Recently the Moab Sun News featured a front-page article entitled “Noticing the signs of those in need.” The article focused on increasing awareness of mental health, substance abuse and suicide risk in the area. Individuals mentioned in the article included Amanda Macintosh from the Utah Health Department, Kelly Vagts LCSW from Grand County Schools and Dr. Mack and Dr. Becker from Moab Regional Hospital. The article examined some of the reasons for the national increase in suicide rates. Causes of increased rates of substance and self-harm in children were also discussed, including intergenerational trauma and poverty. This article not only highlighted problems, it offered solutions including training. Offered were two workshops hosted by MRH including a “QPR” certification in suicide prevention. I felt encouraged by this article until I read the last paragraph. The final words of the article were: “suicide is 100% preventable and can happen to anyone.” I was dismayed to see that this statement is still being promoted.
As a long-time professional in the field of mental health, I continue to be highly disturbed by this message. This is not the first time I have reacted to it, but I feel obligated to do so again. Over the course of almost 40 years, I have had clients who have committed suicide, as well as individuals evaluated in the ER, guests in motels, neighbors and friends. In the case of almost every suicide, the individual was or had been in treatment. Many had been hospitalized and were on medication. Family members were involved and wrap-around services were provided. One young woman who I knew personally, ended her life despite being on a highly supervised secure unit of a state psychiatric hospital. Individuals have also killed themselves while in jail. A few have made the decision to end their lives after struggling with a terminal debilitating illness.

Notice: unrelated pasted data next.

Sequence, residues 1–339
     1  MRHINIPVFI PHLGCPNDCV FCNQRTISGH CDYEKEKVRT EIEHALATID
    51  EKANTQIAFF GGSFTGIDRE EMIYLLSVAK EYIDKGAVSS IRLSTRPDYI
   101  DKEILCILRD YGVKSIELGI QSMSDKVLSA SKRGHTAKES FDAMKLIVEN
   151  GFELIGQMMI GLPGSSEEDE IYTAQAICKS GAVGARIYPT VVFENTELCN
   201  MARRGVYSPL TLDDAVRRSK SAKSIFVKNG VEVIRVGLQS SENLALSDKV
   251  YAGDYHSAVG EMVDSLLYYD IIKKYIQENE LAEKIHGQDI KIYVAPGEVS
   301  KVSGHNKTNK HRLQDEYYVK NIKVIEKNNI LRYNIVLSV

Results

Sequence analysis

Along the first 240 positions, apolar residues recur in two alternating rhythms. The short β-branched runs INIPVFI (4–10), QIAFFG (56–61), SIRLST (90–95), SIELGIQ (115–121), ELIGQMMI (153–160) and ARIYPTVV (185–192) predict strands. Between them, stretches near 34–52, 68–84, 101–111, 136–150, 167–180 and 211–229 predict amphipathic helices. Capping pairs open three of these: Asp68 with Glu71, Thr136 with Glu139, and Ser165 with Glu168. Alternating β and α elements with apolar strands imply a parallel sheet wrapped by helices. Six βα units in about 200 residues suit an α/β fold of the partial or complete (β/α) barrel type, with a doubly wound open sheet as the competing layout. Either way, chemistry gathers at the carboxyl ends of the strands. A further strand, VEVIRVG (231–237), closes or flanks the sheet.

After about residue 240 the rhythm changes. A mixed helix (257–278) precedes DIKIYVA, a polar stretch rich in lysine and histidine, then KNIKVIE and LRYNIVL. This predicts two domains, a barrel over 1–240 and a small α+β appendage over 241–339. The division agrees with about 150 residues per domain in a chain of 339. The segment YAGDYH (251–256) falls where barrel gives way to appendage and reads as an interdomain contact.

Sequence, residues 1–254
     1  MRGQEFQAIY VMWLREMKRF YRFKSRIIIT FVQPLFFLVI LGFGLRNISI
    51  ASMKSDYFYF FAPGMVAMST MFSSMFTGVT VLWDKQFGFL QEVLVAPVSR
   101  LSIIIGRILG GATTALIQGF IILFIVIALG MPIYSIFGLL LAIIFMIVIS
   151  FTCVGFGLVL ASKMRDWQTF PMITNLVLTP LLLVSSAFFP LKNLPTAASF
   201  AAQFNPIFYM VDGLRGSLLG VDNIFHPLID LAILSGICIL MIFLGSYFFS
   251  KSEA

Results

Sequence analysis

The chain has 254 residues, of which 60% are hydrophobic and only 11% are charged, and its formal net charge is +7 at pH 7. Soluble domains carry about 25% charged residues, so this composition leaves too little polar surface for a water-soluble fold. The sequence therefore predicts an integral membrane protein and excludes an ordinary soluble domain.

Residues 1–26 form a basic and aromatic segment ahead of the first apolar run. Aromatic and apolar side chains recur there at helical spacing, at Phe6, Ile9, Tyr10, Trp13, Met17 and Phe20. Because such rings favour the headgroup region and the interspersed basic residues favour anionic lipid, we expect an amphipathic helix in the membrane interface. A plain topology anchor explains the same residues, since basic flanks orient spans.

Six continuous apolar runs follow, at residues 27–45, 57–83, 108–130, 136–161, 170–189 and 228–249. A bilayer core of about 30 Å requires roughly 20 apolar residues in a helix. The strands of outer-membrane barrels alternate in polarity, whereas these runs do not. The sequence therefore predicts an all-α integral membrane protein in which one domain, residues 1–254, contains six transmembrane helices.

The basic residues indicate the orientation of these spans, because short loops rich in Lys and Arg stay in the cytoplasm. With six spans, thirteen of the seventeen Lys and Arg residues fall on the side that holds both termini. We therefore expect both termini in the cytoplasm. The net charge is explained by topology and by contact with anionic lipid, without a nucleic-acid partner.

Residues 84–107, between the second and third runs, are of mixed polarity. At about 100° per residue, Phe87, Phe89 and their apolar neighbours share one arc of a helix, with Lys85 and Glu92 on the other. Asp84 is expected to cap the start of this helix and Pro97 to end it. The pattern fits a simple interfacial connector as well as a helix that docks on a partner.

I feel it is reprehensible to say that “suicide is 100 % preventable.” What is the purpose of this statement? The effect of it is to create shame and guilt on the part of survivors. If you were a parent who had done everything possible to keep your at-risk child safe, and your child managed to commit suicide despite your best efforts, would you feel blamed if you believed that “suicide is 100% preventable”? If you were taking care of a sibling post-hospitalization, driving cross-country, arranging for their treatment, and they decided to end their life, how would you feel? Imagine you were a mental health professional committed to the health and well-being of a client who made the decision to end their life after having received every service including hospitalization, medication, therapy, and 24-hour access to emergency services.
Sometimes early intervention can save a life. Sometimes hospitalization can save a life. Sometimes medications can save a life. Sometimes even long-term treatment, medication and 24-hour care cannot. Frankly, it seems to me that stating that suicide is always preventable is a cheap tagline, used only to attract attention rather than offering a true understanding of what it means to suffer deeply.
Terry Galen, LCSW